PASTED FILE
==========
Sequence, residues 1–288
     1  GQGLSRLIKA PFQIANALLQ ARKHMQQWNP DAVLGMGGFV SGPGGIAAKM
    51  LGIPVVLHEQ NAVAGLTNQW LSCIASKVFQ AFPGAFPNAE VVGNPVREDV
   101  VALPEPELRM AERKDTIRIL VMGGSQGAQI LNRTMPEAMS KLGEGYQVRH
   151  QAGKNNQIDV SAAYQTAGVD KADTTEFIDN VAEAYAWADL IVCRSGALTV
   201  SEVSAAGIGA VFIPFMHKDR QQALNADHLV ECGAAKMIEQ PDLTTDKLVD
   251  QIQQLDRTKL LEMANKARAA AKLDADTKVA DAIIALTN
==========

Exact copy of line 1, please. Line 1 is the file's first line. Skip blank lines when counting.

Sequence, residues 1–288